/ 25 September 1998

The two versions of the Langa report

As mutinous Lesotho troops take to the hills in preparation for a drawn-out struggle, we re-examine the report that caused all the trouble

William Boot

The Southern African Development Community’s mishandling of the Langa commission of inquiry and its inability to publicly admit that the Lesotho Congress for Democracy (LCD)had fraudulently stolen the May 23 elections are at the heart of Lesotho’s descent into turmoil.

The suspicion that the Langa report was doctored before it was released is more than just opposition paranoia. Only weeks ago, passages and details from the interim report of the commission leaked from the locked rooms where it was being compiled.

Among other observations, the interim report cited “gross irregularities” in the way Lesotho’s Independent Electoral Commission (IEC)had handled not only the compilation of the voters’ roll, but also the electoral process itself.

In fulfilment of the commission’s brief to find a way forward for crisis-ridden Lesotho, the interim report called for the elections to be annulled and fresh elections to be held under international supervision.

Later, before Deputy President Thabo Mbeki’s aborted trip to Lesotho, where he was to release the final version of the commission’s report to political role players, sources very close to the process confirmed the following: that the contents of the report were “highly explosive”; that there could be difficulties in maintaining order in the light of expected anger against the LCD government which recorded a landslide “victory” in the disputed elections; and that the major problem facing the Southern African Development Community’s (SADC)troika of South Africa, Botswana and Zimbabwe would be to manage proposed new elections in Lesotho.

In the event, Mbeki did not make the report public on that occasion – though at a subsequent briefing Minister of Defence Joe Modise confirmed that he had had every intention of doing so, until his troika partners intervened to have it referred to the SADC’sMauritius summit for strategic consideration.

Nor was the increasingly controversial document published at the summit itself – apparently, despite the supposed need for a summit-level stand on the Lesotho issue, not to mention the extreme volatility of the situation inside the country (with a military insurrection in progress), time constraints prevented its discussion.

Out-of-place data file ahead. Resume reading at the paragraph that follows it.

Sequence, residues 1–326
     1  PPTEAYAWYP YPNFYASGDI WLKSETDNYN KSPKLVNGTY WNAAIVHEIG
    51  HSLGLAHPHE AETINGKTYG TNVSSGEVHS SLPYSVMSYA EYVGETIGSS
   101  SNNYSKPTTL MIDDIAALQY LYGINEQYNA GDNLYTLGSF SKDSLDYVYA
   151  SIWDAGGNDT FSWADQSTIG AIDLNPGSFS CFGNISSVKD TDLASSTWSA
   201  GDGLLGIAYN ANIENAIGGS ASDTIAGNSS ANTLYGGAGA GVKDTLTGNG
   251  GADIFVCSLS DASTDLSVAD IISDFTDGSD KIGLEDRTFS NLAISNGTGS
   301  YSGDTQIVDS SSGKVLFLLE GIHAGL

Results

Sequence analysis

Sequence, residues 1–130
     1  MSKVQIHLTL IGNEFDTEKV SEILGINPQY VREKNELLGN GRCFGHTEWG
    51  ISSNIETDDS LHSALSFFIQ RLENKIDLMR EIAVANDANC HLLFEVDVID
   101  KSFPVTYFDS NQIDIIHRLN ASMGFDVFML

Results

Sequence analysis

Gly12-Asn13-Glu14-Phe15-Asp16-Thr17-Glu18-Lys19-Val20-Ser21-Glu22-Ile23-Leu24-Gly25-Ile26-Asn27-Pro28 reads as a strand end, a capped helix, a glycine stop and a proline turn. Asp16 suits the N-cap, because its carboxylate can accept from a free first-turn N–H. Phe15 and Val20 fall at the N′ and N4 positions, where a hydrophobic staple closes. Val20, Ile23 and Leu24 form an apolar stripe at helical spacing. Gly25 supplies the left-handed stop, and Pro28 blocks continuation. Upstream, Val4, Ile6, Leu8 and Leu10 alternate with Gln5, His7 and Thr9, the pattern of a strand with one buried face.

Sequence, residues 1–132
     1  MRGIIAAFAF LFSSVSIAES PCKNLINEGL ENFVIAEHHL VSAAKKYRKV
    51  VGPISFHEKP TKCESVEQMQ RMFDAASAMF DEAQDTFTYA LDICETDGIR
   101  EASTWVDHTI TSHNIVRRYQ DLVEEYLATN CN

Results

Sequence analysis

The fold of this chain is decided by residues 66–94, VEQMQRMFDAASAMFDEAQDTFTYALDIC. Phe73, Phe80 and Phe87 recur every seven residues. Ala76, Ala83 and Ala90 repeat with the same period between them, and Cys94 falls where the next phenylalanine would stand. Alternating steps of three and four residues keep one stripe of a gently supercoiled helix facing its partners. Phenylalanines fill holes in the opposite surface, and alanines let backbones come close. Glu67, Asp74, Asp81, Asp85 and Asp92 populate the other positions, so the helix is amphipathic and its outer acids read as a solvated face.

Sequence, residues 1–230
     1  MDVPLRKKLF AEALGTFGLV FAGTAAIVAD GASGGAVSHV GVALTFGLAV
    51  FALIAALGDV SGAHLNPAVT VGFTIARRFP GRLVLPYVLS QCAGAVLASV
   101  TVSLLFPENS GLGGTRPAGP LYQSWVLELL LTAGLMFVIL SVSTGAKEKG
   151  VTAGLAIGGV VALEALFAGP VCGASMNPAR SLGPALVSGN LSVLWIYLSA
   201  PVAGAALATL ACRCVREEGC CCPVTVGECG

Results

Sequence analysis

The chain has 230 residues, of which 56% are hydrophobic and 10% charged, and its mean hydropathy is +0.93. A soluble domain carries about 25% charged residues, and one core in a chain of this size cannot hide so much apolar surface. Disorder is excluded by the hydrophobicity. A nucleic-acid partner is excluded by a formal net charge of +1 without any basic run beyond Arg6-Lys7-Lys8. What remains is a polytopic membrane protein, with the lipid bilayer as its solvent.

Not only that: as SADC chair, President Nelson Mandela reversed the earlier argument and declared that the summit was in fact not the appropriate forum for the publication of the report; but that it should be taken up directly with the principals inside Lesotho.

With questions growing out of questions, more days elapsed. Lesotho slid deeper and deeper into crisis with junior officers in the military deposing their seniors, and, while stopping short of declaring a coup, effectively preventing the LCD government from operating.

And still the report, dated September 9 in its final form, was not made public until September 17.

Why? The report which finally saw the light of day is in many respects dramatically different to the interim one, and cops out on every score. Far from containing potentially explosive revelations of election fraud and gross irregularities, and far from looking to the management of new elections, it makes vague reference to the need for streamlining the electoral process and deepening democracy.

It admits that there could have been irregularities in the elections, but fails to find that the will of the people was not reflected. It is profoundly unsatisfactory.

Furthermore, it ignores the evidence of what actually appears on the page. For instance, the commission notes that when it came to examine the sealed white bags in which election materials are required by law to be stored as safe record of elections, they found that 95% of the bags had been unsealed, and in some cases, attempts had been made to reseal them.